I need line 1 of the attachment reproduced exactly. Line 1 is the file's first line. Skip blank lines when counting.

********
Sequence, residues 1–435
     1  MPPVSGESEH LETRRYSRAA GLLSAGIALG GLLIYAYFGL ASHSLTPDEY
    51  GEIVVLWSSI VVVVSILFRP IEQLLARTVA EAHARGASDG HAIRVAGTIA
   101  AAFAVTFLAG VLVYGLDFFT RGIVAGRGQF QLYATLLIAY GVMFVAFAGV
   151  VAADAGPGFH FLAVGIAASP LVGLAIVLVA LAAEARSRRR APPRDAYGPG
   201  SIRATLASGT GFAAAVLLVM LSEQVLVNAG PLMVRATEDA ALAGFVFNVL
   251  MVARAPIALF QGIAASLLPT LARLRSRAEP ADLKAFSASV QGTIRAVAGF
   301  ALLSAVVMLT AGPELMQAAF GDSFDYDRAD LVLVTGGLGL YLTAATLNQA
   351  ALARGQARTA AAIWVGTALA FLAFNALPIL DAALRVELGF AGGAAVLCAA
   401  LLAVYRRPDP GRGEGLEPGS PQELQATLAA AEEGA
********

Sequence, residues 1–435